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The great food scare: who's to blame this time?

Friday 25 February 2005

Our countryside commentator John Sheard, who has been reporting on food scandals for more years than he cares to remember, ponders on the latest poison chilli scare and asks: how can they blame the farmers this time?

IT HAS been another bad week for British food. As supermarkets rush to remove almost 500 products contaminated with poisonous chilli powder, we can add the name Sudan 1 to the long list of ominous invaders that have infected our food chain: salmonella, listeria, BSE, vCJD, E.coli 0157.

And that is not all of it. The week started with yet another doomed attempt by Environment Secretary Margaret Beckett begging the supermarket chains to stop bleeding farmers dry. And half way through it, Naked Jamie Oliver came out on TV to describe the food we feed our children in school dinners as unhealthy, cheap, un-nutritious sh*t.

Now I have been writing about food crises for at least 30 years and, in most of them, the people desperate to find scapegoats - i.e., the politicians, the food scientists, the supermarkets and the industrial food manufacturers - have always turned their guns on the farmers.

Beat food poisoning by buying local food
Beat food poisoning by buying local food

They made a nice easy target because the PR skills of the National Farmers' Union are almost non-existent so townsfolk readily swallowed the idea that they were being poisoned by lazy, dirty, money-grubbing country folk.

The fact that all these attacks were unjust - farmers are not biochemists nor bacteriologists and only use feed and pharmaceuticals supplied to them by so-called "ethical" companies - the mud stuck.

But this week, where are the hordes of people ducking and weaving to escape the blame going to point the finger? For the chilli powder adulterated with Sudan 1 - used industrially to colour shoe polish and other lip-smacking products - came from India and went straight into the maw of Britain's mass food processing industry.

It had been banned in America as long ago as 1918. It was found in food exported from England to France in 1963. And the present batch, believed to have arrived on our shores at least two years ago, was exposed only by scientists examining Worcester sauce, that impeccably English condiment, in Italy!

Even then, the Food Standards Agency, set up to protect the public after the BSE disaster, tried to cover it up for another two weeks, according to its critics. I don't find that hard to believe, for the old MAFF covered up BSE for two years and, disastrously, foot and mouth for at least a fortnight, during which time its spread from the North East to the rest of Britain via cattle marts in Cumbria.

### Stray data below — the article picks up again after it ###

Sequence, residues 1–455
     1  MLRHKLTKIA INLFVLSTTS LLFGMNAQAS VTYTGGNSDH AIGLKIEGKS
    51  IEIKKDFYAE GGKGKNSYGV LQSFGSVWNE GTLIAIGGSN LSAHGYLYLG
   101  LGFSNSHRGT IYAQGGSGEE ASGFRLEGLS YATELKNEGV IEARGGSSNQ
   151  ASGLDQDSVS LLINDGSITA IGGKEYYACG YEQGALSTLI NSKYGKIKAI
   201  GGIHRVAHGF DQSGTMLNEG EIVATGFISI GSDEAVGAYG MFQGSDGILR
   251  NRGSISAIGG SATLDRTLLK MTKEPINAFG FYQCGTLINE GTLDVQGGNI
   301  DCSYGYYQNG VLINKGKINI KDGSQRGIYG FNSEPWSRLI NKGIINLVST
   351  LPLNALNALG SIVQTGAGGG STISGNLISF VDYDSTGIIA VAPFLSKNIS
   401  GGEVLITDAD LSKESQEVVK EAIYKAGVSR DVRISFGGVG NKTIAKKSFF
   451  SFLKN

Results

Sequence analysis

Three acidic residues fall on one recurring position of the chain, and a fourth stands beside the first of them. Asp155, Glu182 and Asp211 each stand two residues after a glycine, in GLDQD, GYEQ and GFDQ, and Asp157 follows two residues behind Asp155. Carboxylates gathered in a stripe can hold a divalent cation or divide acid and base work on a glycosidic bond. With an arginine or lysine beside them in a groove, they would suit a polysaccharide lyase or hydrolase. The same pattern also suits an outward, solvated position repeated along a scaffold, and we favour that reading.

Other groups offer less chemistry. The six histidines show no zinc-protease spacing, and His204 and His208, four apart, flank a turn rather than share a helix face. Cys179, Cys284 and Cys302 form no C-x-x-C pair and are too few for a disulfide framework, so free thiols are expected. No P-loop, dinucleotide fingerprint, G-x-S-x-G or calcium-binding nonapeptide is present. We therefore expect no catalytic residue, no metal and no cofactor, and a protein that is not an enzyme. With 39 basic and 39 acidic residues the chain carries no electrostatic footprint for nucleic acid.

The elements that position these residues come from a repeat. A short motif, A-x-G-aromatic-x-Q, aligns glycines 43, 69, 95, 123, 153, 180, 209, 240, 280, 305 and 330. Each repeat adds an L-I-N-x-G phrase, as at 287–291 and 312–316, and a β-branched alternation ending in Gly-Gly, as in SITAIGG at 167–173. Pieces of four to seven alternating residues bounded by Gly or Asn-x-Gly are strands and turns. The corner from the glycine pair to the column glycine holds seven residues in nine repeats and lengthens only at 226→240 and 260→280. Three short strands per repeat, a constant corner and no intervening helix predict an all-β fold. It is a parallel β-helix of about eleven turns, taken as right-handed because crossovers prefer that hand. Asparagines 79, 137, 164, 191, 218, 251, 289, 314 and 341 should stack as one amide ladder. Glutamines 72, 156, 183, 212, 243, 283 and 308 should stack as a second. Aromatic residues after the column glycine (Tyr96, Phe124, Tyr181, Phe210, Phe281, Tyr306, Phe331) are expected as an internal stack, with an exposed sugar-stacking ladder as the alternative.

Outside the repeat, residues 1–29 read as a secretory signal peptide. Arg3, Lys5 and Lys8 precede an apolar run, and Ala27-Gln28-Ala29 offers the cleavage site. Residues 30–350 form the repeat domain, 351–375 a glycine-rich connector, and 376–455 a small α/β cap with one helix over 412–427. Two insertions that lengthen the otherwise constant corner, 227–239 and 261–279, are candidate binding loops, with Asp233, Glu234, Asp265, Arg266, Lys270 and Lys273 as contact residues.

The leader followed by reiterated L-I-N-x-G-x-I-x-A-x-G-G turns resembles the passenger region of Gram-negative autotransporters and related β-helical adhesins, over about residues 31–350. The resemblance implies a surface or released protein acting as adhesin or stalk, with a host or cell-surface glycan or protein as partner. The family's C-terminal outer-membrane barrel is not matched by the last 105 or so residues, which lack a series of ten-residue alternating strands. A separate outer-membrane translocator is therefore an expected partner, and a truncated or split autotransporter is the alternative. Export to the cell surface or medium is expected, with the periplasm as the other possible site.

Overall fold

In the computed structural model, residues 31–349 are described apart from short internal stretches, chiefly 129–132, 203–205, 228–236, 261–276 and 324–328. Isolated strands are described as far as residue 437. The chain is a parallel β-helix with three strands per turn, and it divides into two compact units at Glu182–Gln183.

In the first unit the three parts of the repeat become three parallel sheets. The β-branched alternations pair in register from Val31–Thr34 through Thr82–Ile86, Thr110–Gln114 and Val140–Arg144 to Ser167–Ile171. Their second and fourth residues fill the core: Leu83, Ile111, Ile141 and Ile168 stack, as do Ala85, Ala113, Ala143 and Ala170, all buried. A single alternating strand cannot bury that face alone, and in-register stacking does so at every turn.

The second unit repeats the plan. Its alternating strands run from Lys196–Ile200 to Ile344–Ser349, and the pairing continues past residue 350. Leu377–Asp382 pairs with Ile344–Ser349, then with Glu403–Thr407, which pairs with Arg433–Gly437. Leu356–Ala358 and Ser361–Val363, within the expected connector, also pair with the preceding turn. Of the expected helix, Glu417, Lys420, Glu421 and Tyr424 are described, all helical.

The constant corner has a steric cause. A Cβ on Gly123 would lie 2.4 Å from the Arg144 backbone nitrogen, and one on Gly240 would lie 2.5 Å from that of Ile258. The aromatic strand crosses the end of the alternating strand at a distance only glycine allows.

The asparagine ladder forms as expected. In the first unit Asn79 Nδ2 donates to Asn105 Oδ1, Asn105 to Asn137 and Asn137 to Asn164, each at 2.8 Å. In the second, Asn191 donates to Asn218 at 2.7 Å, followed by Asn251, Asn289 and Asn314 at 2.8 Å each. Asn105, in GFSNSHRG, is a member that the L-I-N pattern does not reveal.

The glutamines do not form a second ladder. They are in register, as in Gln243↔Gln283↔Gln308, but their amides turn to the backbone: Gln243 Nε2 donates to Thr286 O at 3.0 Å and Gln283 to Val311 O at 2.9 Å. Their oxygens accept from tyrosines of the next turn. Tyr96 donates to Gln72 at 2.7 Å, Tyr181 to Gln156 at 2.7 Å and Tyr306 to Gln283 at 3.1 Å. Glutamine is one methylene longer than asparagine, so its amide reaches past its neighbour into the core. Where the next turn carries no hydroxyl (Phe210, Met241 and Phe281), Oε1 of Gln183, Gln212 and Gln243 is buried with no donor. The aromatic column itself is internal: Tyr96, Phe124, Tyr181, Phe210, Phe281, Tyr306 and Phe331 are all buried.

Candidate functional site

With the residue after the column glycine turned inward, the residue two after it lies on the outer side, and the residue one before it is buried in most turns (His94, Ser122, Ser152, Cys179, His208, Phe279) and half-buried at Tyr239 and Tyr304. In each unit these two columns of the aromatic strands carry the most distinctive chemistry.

So what the hell were the FSA up to this time? Who were the scientists who overlooked a potential health threat for at least two years when, throughout the rest of the Western world, that threat was well known?

Then, of course, there are the food processors, getting fat on profits by giving us a nation of obese school children pumped full of fat, sugar, salt and E. numbers via non-foods that the Naked Chef dismisses as excrement. Don't they employ food scientists to check for such dangers - or are they so used to poisoning us that this is part of normal practice?

Finally, the supermarkets, the biggest, richest, most powerful retailers in Britain. Don't they check if they are poisoning their customers? Those of us who read of Margaret Beckett's plea to them to stop bankrupting their food suppliers chortled with disgust.

For, you see, some three years ago they agreed to do just that by entering into a voluntary "code of practice" after dairy farmers were pouring millions of gallons of milk down the drain because their supermarket payments were less than the cost of transport. They solemnly signed the papers - and, according to the Country Landowners and Business Association, reneged on the deal within months.

My question now is: will we see heads rolling at Defra, the FSA, Tesco, Sainsbury's, Asda or Morrison's? The answer, most certainly, is No. We, the public, will continue to be fed junk or even poisonous food until the next scare arrives.

What should we do in self-defence? That's dead easy, particularly for country folk. Buy your food from local suppliers who can tell you where it comes from. Then cook it yourself from good raw ingredients. That way, you and your family will remain healthy - and at the same time, rob the rubbish food barons of some of their ill-gained profits.

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